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Mol Biol Cell. 2020 Feb 15;31(4):235-243. doi: 10.1091/mbc.E19-07-0355. Epub 2020 Jan 8.

Activation-induced substrate engagement in ERK signaling.

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Department of Biology, University of Massachusetts, Boston, Boston, MA 02125.
Lewis-Sigler Institute for Integrative Genomics.
Department of Chemical and Biological Engineering, Princeton University, Princeton, NJ 08544.
Department of Molecular Biology, Princeton University, Princeton, NJ 08544.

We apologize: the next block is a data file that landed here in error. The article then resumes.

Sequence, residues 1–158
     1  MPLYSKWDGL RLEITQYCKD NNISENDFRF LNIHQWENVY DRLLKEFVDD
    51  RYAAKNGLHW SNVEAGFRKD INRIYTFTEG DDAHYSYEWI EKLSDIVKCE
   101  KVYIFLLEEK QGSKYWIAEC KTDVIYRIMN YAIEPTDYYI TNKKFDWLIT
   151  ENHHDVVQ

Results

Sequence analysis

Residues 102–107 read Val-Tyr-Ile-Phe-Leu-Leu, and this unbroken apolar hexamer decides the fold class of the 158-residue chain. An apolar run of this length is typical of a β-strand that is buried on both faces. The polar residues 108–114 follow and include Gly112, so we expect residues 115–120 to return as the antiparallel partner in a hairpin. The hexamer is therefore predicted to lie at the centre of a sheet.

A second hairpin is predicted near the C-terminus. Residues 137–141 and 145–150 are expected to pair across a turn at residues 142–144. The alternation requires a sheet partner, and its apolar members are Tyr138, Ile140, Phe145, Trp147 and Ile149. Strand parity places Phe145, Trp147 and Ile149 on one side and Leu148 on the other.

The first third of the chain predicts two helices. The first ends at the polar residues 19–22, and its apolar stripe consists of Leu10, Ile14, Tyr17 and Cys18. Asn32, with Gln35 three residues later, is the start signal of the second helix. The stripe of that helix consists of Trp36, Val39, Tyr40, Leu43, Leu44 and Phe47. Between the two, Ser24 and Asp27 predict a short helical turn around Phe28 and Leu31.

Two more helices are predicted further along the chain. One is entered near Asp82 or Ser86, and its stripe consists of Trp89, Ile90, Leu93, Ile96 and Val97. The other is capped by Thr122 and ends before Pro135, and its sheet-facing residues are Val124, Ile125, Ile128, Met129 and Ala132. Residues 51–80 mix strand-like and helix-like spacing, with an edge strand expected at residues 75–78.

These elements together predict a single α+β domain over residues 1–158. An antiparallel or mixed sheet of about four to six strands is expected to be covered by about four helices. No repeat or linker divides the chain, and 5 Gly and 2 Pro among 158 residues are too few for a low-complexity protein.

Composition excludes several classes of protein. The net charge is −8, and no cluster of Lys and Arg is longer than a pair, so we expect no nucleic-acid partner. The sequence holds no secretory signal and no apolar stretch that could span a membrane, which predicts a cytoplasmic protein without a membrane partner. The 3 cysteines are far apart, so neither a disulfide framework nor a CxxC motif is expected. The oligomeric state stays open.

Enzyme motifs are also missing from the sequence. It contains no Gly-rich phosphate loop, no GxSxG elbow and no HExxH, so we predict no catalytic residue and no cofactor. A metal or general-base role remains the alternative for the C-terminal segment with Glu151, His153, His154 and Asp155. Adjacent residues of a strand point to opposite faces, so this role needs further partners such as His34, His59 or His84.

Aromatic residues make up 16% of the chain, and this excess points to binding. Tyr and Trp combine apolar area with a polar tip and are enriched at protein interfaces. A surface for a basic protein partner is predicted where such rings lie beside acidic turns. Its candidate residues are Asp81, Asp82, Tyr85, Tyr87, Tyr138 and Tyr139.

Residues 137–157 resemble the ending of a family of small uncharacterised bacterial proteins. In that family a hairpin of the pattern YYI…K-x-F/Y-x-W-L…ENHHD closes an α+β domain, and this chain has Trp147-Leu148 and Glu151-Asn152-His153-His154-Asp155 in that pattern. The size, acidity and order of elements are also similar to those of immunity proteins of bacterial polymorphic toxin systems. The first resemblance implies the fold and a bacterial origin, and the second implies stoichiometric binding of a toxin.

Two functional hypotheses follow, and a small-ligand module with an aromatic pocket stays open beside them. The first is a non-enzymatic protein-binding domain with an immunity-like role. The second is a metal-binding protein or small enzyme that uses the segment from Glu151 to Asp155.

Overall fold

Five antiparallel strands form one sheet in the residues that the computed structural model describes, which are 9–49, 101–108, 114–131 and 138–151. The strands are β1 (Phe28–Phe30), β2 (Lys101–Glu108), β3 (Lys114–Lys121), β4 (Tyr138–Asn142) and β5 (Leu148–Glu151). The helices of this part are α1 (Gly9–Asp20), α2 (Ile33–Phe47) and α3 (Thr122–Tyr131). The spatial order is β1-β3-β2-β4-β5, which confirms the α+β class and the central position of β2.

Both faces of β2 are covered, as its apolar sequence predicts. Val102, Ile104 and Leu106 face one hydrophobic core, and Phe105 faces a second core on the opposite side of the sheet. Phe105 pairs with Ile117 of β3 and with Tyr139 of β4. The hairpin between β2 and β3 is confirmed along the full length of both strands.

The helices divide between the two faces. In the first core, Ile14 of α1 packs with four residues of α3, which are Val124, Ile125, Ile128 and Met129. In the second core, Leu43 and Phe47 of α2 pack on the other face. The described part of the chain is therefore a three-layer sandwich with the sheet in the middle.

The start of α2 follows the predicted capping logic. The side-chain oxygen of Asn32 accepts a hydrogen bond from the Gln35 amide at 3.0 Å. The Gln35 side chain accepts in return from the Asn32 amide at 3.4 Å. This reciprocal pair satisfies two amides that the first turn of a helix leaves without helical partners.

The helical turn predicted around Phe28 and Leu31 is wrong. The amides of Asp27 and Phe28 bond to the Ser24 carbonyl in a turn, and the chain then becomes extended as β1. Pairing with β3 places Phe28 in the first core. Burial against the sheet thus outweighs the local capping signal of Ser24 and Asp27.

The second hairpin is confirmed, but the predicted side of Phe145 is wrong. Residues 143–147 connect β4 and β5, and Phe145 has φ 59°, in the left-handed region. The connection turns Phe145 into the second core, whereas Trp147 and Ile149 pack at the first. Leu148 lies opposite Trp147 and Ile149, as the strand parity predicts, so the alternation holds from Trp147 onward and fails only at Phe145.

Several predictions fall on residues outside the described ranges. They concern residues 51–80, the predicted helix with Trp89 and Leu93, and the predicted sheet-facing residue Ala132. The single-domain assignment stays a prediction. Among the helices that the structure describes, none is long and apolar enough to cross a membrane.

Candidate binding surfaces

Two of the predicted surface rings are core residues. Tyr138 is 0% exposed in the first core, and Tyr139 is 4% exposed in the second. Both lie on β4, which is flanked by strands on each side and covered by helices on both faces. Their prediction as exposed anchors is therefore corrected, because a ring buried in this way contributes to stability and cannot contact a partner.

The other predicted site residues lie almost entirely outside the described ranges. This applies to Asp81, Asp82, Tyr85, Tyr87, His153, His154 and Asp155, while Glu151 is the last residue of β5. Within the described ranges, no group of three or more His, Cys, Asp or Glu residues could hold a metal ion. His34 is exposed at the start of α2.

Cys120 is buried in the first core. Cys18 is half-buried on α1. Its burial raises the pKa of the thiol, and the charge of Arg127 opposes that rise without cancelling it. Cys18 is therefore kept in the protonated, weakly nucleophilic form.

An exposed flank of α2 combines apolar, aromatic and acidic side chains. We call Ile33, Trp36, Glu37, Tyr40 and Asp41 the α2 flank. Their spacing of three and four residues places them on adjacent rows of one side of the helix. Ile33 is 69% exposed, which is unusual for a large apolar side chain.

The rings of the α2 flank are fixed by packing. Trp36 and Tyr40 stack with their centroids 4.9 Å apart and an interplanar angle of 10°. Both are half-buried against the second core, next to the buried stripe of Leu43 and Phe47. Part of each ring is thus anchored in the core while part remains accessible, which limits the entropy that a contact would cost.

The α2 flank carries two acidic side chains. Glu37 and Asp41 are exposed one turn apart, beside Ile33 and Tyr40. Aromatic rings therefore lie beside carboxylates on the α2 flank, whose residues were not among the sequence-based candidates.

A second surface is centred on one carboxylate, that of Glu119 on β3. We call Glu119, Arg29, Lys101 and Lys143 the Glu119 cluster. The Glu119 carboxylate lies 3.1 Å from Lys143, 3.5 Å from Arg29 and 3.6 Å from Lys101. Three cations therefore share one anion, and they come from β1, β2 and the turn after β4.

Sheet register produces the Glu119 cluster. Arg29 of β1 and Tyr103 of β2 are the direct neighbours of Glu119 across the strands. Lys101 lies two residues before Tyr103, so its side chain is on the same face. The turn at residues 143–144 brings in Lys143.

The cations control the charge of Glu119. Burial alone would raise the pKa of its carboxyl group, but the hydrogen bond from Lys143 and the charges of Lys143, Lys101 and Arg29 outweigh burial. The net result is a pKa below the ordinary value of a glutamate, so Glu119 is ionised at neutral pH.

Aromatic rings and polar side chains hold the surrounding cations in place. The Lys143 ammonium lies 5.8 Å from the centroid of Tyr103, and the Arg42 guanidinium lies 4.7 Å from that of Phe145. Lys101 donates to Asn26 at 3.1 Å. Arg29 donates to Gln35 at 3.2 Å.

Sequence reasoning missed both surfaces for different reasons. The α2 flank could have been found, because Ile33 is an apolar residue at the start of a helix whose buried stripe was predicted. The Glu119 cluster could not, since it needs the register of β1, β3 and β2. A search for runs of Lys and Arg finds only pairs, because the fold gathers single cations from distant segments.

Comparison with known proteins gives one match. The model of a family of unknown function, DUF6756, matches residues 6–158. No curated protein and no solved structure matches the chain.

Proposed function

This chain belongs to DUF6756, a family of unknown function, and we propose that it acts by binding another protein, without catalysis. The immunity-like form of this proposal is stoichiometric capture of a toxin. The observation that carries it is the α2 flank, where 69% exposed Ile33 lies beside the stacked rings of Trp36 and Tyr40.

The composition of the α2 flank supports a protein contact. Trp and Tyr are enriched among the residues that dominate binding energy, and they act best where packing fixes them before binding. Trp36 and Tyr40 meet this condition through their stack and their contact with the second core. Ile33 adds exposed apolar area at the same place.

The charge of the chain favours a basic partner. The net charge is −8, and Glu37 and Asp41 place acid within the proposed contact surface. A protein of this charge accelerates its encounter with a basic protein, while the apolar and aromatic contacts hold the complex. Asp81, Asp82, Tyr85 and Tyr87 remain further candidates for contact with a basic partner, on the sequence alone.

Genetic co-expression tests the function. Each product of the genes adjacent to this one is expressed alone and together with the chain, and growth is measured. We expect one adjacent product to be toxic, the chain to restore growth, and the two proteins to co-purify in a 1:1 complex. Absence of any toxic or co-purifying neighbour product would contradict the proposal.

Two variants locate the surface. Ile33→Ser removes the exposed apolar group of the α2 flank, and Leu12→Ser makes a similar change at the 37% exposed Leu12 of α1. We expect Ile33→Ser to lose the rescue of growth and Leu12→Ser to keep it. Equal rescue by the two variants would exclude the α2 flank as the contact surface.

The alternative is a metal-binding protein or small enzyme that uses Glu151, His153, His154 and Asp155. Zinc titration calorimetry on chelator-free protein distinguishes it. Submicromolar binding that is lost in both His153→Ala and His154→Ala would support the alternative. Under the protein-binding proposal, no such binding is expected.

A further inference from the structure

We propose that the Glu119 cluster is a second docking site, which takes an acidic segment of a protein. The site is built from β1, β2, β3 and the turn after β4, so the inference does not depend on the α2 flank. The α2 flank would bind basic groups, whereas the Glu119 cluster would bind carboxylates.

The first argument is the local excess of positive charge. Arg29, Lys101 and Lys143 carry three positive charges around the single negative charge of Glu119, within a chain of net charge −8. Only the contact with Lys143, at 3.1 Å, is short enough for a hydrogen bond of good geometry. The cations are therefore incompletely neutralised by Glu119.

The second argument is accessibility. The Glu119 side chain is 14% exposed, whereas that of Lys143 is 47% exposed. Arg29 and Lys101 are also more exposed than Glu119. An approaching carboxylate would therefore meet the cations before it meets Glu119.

The extracellular signal-regulated kinase (ERK) pathway is an essential component of developmental signaling in metazoans. Previous models of pathway activation suggested that dissociation of activated dually phosphorylated ERK (dpERK) from MAPK/ERK kinase (MEK), a kinase that phosphorylates ERK, and other cytoplasmic anchors, is sufficient for allowing ERK interactions with its substrates. Here, we provide evidence for an additional step controlling ERK's access to substrates. Specifically, we demonstrate that interaction of ERK with its substrate Capicua (Cic) is controlled at the level of ERK phosphorylation, whereby Cic binds to dpERK much stronger than to unphosphorylated ERK, both in vitro and in vivo. Mathematical modeling suggests that the differential affinity of Cic for dpERK versus ERK is required for both down-regulation of Cic and stabilizing phosphorylated ERK. Preferential association of Cic with dpERK serves two functions: it prevents unproductive competition of Cic with unphosphorylated ERK and contributes to efficient signal propagation. We propose that high-affinity substrate binding increases the specificity and efficiency of signal transduction through the ERK pathway.


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